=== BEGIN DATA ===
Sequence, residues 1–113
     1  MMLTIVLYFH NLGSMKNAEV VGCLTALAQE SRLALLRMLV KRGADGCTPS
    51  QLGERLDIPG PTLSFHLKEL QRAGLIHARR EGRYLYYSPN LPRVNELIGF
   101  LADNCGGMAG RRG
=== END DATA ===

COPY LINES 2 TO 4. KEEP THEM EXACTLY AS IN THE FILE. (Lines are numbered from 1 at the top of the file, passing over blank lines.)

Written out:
     1  MMLTIVLYFH NLGSMKNAEV VGCLTALAQE SRLALLRMLV KRGADGCTPS
    51  QLGERLDIPG PTLSFHLKEL QRAGLIHARR EGRYLYYSPN LPRVNELIGF
   101  LADNCGGMAG RRG